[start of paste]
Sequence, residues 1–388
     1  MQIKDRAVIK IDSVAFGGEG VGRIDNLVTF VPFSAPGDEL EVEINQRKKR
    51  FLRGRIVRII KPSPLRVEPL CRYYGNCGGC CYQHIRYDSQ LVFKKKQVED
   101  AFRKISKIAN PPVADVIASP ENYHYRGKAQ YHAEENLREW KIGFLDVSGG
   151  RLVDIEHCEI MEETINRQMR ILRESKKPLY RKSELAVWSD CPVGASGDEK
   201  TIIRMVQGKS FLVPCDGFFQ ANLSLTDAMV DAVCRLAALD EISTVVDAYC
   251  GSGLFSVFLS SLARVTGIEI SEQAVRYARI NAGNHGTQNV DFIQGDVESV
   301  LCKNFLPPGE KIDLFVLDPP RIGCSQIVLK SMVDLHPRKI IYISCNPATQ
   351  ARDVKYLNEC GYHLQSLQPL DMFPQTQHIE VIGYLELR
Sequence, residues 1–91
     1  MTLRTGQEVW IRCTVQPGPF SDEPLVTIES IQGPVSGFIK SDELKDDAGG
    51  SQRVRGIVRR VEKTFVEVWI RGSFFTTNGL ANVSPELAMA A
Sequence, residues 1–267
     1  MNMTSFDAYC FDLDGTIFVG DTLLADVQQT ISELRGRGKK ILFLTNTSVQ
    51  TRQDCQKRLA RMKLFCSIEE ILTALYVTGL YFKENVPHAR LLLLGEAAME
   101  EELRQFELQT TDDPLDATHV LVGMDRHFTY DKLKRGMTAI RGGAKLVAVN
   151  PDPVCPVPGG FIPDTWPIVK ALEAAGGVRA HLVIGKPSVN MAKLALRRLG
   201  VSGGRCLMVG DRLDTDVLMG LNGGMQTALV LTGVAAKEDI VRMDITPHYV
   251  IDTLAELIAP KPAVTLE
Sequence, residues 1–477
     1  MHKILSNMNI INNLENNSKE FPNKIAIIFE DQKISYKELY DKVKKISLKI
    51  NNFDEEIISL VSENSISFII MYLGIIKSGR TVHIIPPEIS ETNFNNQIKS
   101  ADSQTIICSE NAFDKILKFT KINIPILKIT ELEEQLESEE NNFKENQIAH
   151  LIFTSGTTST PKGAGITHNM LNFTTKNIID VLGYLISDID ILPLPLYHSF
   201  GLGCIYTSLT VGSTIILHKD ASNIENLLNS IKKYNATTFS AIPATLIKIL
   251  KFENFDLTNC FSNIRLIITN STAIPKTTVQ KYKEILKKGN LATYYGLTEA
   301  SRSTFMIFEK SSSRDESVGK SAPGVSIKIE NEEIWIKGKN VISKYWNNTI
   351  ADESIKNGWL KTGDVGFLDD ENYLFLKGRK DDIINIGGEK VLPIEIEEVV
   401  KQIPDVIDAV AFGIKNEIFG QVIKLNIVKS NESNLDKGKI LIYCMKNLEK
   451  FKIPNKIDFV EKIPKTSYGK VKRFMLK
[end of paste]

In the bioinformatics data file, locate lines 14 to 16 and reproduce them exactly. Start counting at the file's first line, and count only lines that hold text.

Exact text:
     1  MNMTSFDAYC FDLDGTIFVG DTLLADVQQT ISELRGRGKK ILFLTNTSVQ
    51  TRQDCQKRLA RMKLFCSIEE ILTALYVTGL YFKENVPHAR LLLLGEAAME
   101  EELRQFELQT TDDPLDATHV LVGMDRHFTY DKLKRGMTAI RGGAKLVAVN